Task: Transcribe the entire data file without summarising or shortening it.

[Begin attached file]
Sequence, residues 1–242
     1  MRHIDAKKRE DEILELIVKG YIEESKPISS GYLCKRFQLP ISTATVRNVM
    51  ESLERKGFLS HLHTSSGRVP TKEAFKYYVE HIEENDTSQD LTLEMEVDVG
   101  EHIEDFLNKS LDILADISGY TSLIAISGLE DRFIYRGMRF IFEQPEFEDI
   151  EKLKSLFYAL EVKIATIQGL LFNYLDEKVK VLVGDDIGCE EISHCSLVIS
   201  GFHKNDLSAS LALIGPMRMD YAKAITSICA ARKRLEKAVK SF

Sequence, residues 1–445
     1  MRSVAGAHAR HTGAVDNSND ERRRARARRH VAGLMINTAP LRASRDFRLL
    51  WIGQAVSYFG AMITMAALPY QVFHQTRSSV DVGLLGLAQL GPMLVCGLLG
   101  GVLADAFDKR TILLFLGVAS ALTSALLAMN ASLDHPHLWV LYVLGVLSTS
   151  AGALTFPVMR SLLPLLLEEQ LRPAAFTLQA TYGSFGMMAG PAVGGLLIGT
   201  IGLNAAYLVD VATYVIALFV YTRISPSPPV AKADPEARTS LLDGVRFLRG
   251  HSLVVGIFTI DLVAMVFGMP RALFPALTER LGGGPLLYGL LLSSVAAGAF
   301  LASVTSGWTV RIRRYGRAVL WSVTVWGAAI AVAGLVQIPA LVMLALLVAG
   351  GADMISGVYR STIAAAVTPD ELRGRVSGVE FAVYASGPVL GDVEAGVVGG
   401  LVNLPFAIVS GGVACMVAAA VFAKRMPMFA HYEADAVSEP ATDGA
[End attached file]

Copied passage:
Sequence, residues 1–242
     1  MRHIDAKKRE DEILELIVKG YIEESKPISS GYLCKRFQLP ISTATVRNVM
    51  ESLERKGFLS HLHTSSGRVP TKEAFKYYVE HIEENDTSQD LTLEMEVDVG
   101  EHIEDFLNKS LDILADISGY TSLIAISGLE DRFIYRGMRF IFEQPEFEDI
   151  EKLKSLFYAL EVKIATIQGL LFNYLDEKVK VLVGDDIGCE EISHCSLVIS
   201  GFHKNDLSAS LALIGPMRMD YAKAITSICA ARKRLEKAVK SF

Sequence, residues 1–445
     1  MRSVAGAHAR HTGAVDNSND ERRRARARRH VAGLMINTAP LRASRDFRLL
    51  WIGQAVSYFG AMITMAALPY QVFHQTRSSV DVGLLGLAQL GPMLVCGLLG
   101  GVLADAFDKR TILLFLGVAS ALTSALLAMN ASLDHPHLWV LYVLGVLSTS
   151  AGALTFPVMR SLLPLLLEEQ LRPAAFTLQA TYGSFGMMAG PAVGGLLIGT
   201  IGLNAAYLVD VATYVIALFV YTRISPSPPV AKADPEARTS LLDGVRFLRG
   251  HSLVVGIFTI DLVAMVFGMP RALFPALTER LGGGPLLYGL LLSSVAAGAF
   301  LASVTSGWTV RIRRYGRAVL WSVTVWGAAI AVAGLVQIPA LVMLALLVAG
   351  GADMISGVYR STIAAAVTPD ELRGRVSGVE FAVYASGPVL GDVEAGVVGG
   401  LVNLPFAIVS GGVACMVAAA VFAKRMPMFA HYEADAVSEP ATDGA